Mae Brussell

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Mae Magnin Brussell
Mae Magnin

(1922-05-29)May 29, 1922
DiedOctober 3, 1988(1988-10-03) (aged 66)
EducationStanford University
University of California, Berkeley
OccupationRadio host
Parent(s)Edgar Magnin
Evelyn Magnin
RelativesIsaac Magnin (paternal great-grandfather)
Mary Ann Magnin (paternal great-grandmother)

Mae Magnin Brussell (May 29, 1922 – October 3, 1988) was an American radio personality and conspiracy theorist. She was the host of Dialogue: Conspiracy (later renamed World Watchers International).

Early life[edit]

Mae Magnin was born on May 29, 1922 in Beverly Hills, California.[1] Her father, Edgar Magnin, was a Reform rabbi at the Wilshire Boulevard Temple.[2] Her paternal great-grandparents, Isaac Magnin and Mary Ann Magnin, were the founders of I. Magnin, an upscale women's clothing store in San Francisco, California.

She attended Stanford University in Palo Alto and received an Associate degree from the University of California, Berkeley.[2][3]


She was a radio host.[1] Most of her work on the radio focused on the assassination of President John F. Kennedy.[1] She also covered the history of fascism.[1]

Distraught by the murder of President Kennedy, she purchased all 26 printed volumes issued by the Warren Commission report, and attempted to make sense of them by cross-indexing the entire work. Mae was disturbed by the contradictory information and unreported realities she discovered. As a result, she subscribed to many major newspapers and magazines, whose stories she filed and organized, uncovering connections and patterns behind government and corporate malfeasance that she found disturbing.[4]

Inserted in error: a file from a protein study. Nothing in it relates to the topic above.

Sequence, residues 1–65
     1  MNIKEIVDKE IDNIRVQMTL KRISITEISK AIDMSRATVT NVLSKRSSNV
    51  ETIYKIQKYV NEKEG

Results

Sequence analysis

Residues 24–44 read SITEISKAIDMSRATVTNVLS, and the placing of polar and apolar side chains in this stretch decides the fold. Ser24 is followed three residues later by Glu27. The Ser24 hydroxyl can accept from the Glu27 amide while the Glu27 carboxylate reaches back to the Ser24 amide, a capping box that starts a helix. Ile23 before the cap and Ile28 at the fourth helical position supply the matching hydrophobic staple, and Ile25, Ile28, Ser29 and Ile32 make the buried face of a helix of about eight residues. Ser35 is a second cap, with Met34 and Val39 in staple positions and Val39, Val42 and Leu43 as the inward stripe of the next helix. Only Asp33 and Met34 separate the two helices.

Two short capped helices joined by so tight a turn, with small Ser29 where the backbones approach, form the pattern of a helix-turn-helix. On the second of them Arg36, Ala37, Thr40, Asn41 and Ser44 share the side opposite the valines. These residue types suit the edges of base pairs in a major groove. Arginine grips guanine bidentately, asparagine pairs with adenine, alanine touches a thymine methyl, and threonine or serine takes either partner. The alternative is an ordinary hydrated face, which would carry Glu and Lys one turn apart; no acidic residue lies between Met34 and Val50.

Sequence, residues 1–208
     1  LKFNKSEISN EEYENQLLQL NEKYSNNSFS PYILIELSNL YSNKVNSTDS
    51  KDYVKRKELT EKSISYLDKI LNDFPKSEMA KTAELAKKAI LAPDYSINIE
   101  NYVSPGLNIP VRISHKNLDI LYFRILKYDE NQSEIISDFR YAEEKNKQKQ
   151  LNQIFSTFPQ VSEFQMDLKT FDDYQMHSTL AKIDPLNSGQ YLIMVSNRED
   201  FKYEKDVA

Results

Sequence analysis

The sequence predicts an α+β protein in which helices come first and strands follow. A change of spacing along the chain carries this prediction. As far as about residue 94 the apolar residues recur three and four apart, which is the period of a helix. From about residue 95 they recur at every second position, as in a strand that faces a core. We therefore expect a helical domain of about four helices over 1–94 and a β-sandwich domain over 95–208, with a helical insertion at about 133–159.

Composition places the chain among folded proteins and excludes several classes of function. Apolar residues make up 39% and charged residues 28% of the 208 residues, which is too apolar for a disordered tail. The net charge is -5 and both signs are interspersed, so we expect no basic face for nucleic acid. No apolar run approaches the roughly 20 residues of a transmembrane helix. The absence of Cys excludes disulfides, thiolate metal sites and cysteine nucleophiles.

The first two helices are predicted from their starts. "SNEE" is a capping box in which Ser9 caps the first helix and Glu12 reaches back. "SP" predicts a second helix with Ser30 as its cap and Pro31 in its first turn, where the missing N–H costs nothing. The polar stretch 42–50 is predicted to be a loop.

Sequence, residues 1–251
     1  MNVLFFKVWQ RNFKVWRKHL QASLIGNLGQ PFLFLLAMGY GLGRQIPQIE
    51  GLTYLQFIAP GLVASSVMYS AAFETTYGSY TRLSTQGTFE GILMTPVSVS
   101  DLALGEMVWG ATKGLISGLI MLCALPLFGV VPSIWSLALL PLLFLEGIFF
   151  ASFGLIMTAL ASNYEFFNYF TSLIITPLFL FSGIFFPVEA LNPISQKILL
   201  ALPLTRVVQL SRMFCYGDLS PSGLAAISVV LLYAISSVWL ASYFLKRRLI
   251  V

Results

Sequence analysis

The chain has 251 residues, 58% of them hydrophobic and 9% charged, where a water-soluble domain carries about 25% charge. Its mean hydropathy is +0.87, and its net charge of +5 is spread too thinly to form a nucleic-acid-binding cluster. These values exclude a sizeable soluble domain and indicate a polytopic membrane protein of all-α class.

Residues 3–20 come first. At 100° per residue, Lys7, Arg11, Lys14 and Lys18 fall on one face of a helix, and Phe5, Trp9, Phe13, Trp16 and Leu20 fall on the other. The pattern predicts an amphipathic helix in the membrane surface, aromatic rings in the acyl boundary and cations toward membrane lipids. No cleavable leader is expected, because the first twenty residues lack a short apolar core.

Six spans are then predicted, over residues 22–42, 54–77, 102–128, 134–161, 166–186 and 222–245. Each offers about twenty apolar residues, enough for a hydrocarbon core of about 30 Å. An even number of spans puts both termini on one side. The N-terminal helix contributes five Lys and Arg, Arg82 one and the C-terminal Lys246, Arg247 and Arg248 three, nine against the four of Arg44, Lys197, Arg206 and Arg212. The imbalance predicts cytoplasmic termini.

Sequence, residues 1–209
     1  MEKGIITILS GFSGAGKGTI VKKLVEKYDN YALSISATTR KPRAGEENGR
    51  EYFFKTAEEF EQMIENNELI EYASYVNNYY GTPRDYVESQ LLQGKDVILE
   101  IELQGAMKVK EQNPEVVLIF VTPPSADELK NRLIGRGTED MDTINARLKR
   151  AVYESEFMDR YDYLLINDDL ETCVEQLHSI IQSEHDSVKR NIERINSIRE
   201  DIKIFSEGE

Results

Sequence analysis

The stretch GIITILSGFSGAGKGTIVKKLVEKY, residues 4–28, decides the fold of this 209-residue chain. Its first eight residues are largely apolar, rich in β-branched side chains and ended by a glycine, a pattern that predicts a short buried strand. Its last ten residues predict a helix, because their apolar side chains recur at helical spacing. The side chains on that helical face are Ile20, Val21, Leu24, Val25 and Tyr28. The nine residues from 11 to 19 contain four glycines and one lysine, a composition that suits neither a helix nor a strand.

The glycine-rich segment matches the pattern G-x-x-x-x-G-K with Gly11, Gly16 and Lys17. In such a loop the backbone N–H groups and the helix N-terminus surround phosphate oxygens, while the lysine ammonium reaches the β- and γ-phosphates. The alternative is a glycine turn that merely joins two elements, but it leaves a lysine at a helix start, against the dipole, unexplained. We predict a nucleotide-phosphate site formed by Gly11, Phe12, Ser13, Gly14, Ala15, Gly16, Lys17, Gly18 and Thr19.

Her career in radio started in May 1971, when as a guest on the independently owned radio station KLRB, she questioned the 26-volume Warren Commission Hearings.[1] She suggested Lee Harvey Oswald might not have been the only person involved in the assassination of the president.[1] She became a weekly guest.[1] Shortly after, she became the host of Dialogue: Conspiracy (later renamed World Watchers International).[1] From 1983 to 1988, she hosted the same show on KAZU, a radio station based in Pacific Grove.[1]

Additionally, she wrote articles that were published in The Realist, a magazine published by Paul Krassner.[1] An impressed John Lennon donated money so Krassner could afford to print Mae Brussell's work.[4]

Brussell was profiled on episode six of Slate's Slow Burn podcast.[5]

Personal life[edit]

She was married, and had five children:[1] David Goodwin, John Goodwin, Barbara Brussell, Kyenne Brussell, and Bonnie Brussell (who predeceased her in 1970).[6]


She died of cancer on October 3, 1988[1] in Carmel-by-the-Sea, California.



Books by other authors

  • Constantine, Alex (ed.). The Essential Mae Brussell: Investigations of Fascism in America. Port Townsend, Washington: Feral House, 2014. ISBN 978-1936239986. 362 pages.


  1. ^ a b c d e f g h i j k l Peter Knight, Conspiracy Theories in American History: An Encyclopedia, ABC-CLIO, 2003, pp. 140-141 [1]
  2. ^ a b 'Rabbi To Deliver Sunday Sermon', The Stanford Daily, Volume 99a, Issue 8, 17 July 1941 [2]
  3. ^ Register - University of California, Berkeley, California: University of California Press, 1943, Volume 2, p. 3 [3]
  4. ^ a b The Essential Mae Burssel
  5. ^ Neyfakh, Leon. "Watergate conspiracy theories in episode six of Slow Burn". Slate. Retrieved 10 Jan 2018.
  6. ^ "Conspiracy Theorist Mae Brussell Dies of Cancer". The Monterey Herald. October 4, 1988. CS1 maint: discouraged parameter (link)

External links[edit]